Ebola Worst-Case Scenario Has More Than 500,000 Cases

The Ebola outbreak in West Africa could spread to hundreds of thousands more people by the end of January, according to an estimate under development by the U.S. Centers for Disease Control and Prevention that puts one worst-case scenario at 550,000 or more infections.

A nationwide three-day curfew in Sierra Leone entered its second day today as part of a government effort to stop the virus from spreading. During the lockdown, almost 30,000 volunteers go door to door to distribute soap and explain Ebola prevention measures.


Does anyone remember when the Department of Homeland Security suggested that Americans have duct tape in a disaster preparedness kit? That was in February 2003. Duct tape and plastic would presumably seal one’s home against nuclear, chemical, and biological contaminants.

Duct tape is all I could think of when I read that soap is being distributed door to door to offset Ebola.

I am sorry I can’t add more at this time and I know I should. :imsorry:

Let’s hope it never gets to that.
Sometimes during the day I stop to think while I
am over here healthy there are hundreds over there suffering from ebola. I hope it never gets over 15, 000 deaths.

The U.S. Centers for Disease Control and Prevention (CDC) released a report Tuesday predicting as many as 550,000 to 1.4 million cases of the Ebola virus in Liberia and Sierra Leone alone, by the end of January.


The report is public. Praying for all those directly involved and those directly supporting comfort and/or recovery.

How in the world are they prepared to treat one million cases by the end of february?! They don’t even have enough beds for the thousands who are sick now. :confused:

I’ve read that some healthcare facilities locked doors indefinitely. Healthcare workers don’t want to get sick and die.

Last night I watched We Heard the Bells: The Influenza of 1918 (full documentary)youtube.com/watch?v=J83DZQcDFy8
Surprisingly, some lay workers caring one on one with flu stricken people never caught the flu.
If ebola or something equivalent hit US, I would definitely take a chance and care for another in need. I can’t see closing the door on someone who is sick and dying.

Honestly, I feel less than a crumb knowing Americans and others have so much and these poor people are suffering so greatly with little resources.

I know you are puzzled about healthcare for those suffering…you and many others.

It doesn’t help that they are stoning those attempting to help or that angry mobs break people out of quarantine.

Marie-Paule Kieny, told the Times over a telephone news conference that the two vaccines still need to undergo the first round of safety checks. The vaccines are expected to be ready to use by November, and health care personnel will be the first group to be vaccinated.


I would love to see that documentary. I have read a couple of books on the 1918 flu epidemic and I think I saw a documentary on pbs once.
That was world wide! Some people might be immune to some of these viruses.I don’t see how they can close the doors when people are outside either.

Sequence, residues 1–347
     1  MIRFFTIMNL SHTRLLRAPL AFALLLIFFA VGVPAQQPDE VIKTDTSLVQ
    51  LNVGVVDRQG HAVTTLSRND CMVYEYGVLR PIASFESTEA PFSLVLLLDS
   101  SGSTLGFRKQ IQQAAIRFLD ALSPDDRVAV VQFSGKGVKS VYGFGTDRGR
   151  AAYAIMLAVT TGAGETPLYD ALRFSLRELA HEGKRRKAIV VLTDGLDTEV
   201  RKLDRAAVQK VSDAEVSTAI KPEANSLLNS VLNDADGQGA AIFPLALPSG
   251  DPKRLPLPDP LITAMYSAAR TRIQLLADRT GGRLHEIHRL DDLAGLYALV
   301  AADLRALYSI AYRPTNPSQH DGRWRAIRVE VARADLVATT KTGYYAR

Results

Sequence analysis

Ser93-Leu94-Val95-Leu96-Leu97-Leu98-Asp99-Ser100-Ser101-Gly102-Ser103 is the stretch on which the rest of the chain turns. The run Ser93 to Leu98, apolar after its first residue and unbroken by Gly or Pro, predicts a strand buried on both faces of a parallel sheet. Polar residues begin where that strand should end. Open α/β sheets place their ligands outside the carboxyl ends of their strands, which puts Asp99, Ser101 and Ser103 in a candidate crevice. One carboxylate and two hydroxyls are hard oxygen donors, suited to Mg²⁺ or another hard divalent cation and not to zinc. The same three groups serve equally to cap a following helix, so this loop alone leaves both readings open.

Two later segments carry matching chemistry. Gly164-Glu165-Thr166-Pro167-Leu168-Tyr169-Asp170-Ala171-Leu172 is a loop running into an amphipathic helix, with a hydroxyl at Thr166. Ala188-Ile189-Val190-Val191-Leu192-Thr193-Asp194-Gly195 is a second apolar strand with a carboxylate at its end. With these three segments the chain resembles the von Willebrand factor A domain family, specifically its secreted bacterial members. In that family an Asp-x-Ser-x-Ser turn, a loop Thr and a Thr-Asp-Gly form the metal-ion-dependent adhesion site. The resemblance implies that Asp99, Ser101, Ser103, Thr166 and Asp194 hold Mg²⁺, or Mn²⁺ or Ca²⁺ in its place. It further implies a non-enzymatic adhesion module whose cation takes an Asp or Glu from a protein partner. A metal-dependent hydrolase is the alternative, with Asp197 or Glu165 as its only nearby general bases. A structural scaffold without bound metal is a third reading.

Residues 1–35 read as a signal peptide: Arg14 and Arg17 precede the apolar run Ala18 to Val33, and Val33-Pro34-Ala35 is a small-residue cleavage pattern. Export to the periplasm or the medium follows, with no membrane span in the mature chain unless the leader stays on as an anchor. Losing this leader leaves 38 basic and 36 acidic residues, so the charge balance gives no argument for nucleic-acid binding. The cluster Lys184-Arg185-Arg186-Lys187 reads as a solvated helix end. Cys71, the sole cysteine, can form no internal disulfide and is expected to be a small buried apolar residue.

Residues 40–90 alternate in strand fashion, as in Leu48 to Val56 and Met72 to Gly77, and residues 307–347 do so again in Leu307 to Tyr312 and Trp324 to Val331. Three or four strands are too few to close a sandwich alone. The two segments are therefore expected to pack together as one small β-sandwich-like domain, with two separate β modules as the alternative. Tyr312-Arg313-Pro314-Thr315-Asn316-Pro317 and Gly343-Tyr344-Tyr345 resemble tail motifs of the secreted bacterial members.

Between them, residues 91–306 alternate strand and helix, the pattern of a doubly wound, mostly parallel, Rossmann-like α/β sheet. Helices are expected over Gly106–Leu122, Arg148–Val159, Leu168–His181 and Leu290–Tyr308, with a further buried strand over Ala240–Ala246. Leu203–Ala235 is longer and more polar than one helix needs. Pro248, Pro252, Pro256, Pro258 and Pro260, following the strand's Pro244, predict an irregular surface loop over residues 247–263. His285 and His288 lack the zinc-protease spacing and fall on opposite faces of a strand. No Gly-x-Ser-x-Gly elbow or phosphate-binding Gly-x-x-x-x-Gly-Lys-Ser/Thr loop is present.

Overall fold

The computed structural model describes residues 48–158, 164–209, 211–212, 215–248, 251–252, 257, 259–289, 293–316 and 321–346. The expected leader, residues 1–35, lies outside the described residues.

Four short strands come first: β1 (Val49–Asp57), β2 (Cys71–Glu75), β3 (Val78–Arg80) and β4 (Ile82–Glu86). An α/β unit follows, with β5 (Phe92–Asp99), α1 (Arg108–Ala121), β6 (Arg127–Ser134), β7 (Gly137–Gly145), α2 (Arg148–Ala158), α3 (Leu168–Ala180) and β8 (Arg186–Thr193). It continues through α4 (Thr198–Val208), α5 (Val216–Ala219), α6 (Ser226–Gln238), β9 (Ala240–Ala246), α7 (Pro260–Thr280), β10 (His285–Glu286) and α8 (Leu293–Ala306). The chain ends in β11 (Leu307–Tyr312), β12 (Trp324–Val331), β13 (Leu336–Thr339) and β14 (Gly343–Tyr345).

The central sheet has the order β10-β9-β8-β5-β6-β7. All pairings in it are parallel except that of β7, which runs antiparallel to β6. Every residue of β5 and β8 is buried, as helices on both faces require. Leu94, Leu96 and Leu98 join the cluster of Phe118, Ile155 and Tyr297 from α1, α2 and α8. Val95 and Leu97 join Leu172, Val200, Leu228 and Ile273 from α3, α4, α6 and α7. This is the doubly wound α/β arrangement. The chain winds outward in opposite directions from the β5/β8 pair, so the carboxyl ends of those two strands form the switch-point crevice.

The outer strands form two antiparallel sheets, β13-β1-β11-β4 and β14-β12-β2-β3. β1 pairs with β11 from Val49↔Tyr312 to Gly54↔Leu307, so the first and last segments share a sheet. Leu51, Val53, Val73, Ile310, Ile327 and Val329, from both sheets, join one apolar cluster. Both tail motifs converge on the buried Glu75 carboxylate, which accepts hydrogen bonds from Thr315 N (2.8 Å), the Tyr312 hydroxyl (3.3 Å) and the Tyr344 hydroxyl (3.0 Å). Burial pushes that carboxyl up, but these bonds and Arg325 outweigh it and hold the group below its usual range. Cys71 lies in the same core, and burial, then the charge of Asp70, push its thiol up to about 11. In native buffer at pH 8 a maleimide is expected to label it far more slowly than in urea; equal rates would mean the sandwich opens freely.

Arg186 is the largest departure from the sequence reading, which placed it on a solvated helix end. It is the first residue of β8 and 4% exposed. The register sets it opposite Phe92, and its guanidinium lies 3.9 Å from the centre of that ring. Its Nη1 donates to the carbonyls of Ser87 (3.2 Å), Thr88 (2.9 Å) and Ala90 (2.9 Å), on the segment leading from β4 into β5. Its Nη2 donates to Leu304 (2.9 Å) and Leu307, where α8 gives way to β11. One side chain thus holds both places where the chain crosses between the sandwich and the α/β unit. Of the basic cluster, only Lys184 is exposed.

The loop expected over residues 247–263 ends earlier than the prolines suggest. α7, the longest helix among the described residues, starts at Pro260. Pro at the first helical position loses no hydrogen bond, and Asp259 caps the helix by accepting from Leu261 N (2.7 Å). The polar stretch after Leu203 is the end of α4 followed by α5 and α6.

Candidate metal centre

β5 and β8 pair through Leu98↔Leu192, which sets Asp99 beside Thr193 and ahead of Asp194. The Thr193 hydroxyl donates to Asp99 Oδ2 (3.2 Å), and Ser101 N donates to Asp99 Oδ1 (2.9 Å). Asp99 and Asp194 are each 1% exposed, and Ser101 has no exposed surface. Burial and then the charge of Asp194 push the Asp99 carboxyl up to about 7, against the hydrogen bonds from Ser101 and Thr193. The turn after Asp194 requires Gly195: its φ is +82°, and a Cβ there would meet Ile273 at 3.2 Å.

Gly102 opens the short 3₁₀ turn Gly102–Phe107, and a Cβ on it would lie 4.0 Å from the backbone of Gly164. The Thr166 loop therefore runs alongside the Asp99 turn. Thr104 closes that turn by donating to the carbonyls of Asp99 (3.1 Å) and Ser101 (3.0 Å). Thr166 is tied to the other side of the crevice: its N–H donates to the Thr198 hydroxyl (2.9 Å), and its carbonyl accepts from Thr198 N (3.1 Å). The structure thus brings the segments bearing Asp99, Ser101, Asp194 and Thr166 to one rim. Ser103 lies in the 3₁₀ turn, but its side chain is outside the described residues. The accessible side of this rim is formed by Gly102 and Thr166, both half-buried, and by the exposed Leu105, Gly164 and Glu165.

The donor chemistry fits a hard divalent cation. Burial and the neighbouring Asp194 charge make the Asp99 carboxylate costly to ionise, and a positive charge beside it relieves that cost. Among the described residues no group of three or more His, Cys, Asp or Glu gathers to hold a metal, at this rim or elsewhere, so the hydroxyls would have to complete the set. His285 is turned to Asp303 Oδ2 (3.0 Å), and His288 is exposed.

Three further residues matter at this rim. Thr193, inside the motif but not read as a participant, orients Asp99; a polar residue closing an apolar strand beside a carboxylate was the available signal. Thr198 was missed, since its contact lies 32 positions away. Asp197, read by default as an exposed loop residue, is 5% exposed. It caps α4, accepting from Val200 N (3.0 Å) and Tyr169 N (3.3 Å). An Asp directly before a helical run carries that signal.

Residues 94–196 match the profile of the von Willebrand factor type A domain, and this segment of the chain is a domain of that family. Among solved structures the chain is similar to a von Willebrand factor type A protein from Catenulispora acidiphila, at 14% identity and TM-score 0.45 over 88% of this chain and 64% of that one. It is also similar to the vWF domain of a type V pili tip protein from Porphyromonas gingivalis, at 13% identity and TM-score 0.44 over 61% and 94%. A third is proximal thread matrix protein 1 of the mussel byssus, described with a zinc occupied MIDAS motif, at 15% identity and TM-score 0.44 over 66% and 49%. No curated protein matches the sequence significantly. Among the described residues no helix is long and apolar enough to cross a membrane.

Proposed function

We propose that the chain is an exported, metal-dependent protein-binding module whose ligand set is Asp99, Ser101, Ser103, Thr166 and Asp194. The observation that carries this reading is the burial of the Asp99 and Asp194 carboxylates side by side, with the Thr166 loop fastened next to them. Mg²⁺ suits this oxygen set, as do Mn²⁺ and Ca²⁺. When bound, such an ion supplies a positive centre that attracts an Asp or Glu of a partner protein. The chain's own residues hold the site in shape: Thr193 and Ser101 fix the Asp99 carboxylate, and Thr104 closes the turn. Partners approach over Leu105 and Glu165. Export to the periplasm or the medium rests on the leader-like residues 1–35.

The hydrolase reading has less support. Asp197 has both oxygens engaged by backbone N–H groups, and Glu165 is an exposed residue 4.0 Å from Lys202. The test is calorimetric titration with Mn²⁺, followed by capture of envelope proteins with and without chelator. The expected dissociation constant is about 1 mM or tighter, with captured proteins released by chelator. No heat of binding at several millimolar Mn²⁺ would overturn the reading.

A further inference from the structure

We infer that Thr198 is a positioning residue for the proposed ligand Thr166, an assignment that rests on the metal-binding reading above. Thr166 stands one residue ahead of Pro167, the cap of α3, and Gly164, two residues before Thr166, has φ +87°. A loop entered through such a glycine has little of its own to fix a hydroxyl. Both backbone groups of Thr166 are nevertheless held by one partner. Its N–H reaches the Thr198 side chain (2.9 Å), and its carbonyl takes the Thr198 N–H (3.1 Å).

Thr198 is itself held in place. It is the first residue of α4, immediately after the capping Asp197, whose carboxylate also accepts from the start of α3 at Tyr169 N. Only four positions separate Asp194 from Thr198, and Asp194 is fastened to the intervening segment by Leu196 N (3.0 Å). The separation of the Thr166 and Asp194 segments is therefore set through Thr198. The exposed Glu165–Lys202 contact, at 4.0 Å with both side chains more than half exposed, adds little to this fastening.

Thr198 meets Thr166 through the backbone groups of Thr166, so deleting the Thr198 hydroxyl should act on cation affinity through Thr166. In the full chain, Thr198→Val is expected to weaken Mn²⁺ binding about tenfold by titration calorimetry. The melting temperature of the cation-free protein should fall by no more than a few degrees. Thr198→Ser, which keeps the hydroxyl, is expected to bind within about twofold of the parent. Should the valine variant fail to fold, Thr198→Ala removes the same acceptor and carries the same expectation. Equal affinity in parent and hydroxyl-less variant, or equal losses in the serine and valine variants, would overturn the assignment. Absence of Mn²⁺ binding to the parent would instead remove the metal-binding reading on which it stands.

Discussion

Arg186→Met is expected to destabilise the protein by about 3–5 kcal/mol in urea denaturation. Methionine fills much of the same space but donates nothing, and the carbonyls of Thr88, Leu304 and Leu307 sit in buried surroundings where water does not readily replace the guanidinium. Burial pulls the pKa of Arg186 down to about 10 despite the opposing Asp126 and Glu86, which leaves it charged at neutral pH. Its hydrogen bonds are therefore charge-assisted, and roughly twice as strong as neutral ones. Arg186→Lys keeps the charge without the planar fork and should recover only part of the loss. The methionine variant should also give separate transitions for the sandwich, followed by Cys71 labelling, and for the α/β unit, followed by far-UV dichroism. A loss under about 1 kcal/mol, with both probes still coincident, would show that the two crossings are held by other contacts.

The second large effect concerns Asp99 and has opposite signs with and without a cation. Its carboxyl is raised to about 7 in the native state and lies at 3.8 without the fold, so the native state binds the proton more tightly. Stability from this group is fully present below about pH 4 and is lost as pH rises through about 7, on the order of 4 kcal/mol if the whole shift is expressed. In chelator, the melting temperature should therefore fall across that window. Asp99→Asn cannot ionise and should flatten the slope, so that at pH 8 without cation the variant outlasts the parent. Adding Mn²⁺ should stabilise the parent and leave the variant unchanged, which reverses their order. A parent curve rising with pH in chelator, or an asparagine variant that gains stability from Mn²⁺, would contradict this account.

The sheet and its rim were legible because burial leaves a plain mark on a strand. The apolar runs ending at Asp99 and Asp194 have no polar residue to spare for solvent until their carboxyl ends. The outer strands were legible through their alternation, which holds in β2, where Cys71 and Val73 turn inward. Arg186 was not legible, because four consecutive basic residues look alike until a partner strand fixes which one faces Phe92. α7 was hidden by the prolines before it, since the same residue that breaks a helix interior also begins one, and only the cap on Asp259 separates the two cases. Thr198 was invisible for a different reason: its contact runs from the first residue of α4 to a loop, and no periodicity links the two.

This devastating widespread illness is similar to a tsunami. Fear and panic can and does ensue for some when death seems imminent.

These people are at the point of destruction while millions like myself must stay in place and rely on God as our source of love and guidance. My hope is that they too will place their faith in God. We all suffer together in this situation.

Christ gives the answer to the question about suffering and the meaning of suffering not only by his teachings but most of all by his own suffering. When Christ says ‘my God, my God why have you abandoned me’ his words express the suffering that is the estrangement from God. But precisely through the suffering he accomplishes the redemption. Human suffering has reached its culmination in the passion of Christ. At the same time, it has entered into a completely new dimension and a new order. It has been linked to love. In the cross of Christ, we must also pose a new question about the meaning of suffering and read in the cross, to its very depths, the answer to this question.

~ His Holiness John Paul II~

That isn’t a very feasible option for a variety of reasons:

  1. No Ebola vaccine has undergone rigorous clinical trials so there’s no telling what the short-term or long-term risks are. Vaccines and other pharmaceuticals undergo years of clinical trials for a reason.

  2. Research into strains of Ebola known prior to this outbreak isn’t useful in developing an effective vaccine for this strain.

  3. The strain responsible for the current outbreak is rapidly mutating and has multiple variations. That means that even if a vaccine were to be successfully developed for one variation of this strain there is no guarantee that it would work on another variation of the same strain.

  4. There is no possible way that we could produce and distribute enough of a vaccine to stop the outbreak even if the vaccine would protect against all variations of this strain.

The only way to stop the outbreak is containment.

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